Traction Alopecia

What is traction alopecia?
Traction alopecia is a scalp condition caused by excessive tension on the hair follicles from repeated tight hairstyles. This can cause hair loss, pain, breakage and irritation on facial skin at the hairline or on the crown of the head. Hair loss can become permanent if left untreated.

What causes traction alopecia?
Certain hair care practices and styling techniques put African American women specifically at risk, such as tight cornrows and braiding patterns. Men, women and children are subject to experiencing hair loss due to traction alopecia if they wear tight hairstyles of any kind, such as a tight bun, braid or ponytail every day in the same way, although a person's threshold for prolonged tension on the hair follicles is hereditary.

How do we treat traction alopecia?
A thorough physical examination of your scalp and any hair loss or irritated areas along with a consultation about your haircare practices will confirm if your hair thinning, pain or hair loss is being caused by your daily hairstyle. To reverse traction alopecia and allow hair to re-grow, you need to eliminate the source of the trauma, which is the constant pulling from the tight hairstyle. We may also prescribe and recommend the following to help reverse hair loss from traction alopecia as soon as possible:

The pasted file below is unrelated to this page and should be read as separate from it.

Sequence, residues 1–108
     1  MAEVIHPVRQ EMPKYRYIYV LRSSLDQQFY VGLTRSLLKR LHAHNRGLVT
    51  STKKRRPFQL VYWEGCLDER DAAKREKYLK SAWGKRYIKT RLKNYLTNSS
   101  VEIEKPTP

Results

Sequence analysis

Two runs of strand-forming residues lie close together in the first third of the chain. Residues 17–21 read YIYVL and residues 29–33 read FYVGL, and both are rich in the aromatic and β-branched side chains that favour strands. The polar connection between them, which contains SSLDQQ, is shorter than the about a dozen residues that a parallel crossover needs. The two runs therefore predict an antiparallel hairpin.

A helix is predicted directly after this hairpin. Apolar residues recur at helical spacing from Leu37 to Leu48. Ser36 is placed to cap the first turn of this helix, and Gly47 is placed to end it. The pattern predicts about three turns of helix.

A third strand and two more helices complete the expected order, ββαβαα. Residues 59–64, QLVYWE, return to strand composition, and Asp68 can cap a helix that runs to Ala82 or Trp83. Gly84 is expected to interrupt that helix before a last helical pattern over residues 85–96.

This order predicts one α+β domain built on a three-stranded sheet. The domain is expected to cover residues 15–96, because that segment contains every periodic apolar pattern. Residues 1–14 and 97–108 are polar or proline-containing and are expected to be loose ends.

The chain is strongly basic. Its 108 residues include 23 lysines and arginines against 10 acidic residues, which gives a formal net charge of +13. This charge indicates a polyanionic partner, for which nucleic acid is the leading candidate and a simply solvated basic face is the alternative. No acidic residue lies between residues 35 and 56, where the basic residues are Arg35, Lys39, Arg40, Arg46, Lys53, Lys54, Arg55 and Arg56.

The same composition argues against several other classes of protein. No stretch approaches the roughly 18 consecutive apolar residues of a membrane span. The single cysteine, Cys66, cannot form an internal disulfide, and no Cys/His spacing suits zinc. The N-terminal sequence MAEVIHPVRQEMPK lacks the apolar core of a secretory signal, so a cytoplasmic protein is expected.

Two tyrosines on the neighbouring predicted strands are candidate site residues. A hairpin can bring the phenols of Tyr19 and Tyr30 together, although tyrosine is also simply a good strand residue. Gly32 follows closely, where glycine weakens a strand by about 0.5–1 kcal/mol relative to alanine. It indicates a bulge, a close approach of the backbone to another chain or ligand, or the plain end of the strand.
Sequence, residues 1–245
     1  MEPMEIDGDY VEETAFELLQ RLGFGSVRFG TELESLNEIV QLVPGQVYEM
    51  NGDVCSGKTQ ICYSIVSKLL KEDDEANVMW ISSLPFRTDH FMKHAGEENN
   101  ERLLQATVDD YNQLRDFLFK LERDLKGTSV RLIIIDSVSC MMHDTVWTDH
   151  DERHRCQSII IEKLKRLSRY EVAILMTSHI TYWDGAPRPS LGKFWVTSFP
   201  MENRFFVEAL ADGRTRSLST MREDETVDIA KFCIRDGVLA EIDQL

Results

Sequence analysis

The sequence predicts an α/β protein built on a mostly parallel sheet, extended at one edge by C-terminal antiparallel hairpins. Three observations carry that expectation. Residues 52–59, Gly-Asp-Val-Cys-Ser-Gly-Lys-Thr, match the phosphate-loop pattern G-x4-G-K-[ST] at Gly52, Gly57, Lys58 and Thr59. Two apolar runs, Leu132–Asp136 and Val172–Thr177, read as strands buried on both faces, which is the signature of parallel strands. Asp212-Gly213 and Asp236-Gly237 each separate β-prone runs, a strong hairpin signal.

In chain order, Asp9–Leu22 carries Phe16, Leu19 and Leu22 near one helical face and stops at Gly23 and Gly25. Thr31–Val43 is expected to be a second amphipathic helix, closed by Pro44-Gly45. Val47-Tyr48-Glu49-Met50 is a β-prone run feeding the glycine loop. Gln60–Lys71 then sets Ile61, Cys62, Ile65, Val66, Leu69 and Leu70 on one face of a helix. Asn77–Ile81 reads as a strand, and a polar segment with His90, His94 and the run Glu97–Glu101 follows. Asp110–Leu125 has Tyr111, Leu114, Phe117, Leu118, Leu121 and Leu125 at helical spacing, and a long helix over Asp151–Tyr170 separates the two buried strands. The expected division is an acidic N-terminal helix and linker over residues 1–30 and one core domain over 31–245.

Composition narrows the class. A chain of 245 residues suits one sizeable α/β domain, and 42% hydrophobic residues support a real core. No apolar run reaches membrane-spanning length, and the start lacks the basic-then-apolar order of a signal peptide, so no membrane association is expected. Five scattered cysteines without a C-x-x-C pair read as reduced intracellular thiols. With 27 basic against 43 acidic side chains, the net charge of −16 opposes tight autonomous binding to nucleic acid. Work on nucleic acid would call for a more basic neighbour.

What can I expect?  
Medications can quickly clear up any pustules, pimples and rashes that occurred due to the pulling of the tight hairstyle around your hair line. Hair that has been lost, however, will take more time to re-grow. Loosen your hair style, let your hair down, cut your hair short or cover up the damage with a wig or a head wrap. Simply loosening and changing the type, position or location of braids or buns can provide relief so they don't pull the same follicles the same way every day.

Have a question about your treatment?
We have a dedicated triage nurse (RN) who answers patient questions during office hours. If you have a problem or question about a procedure or a prescribed medication, please call our office and ask to speak to our nurse. If she is unable to answer your question, she will consult with your practitioner and return your call.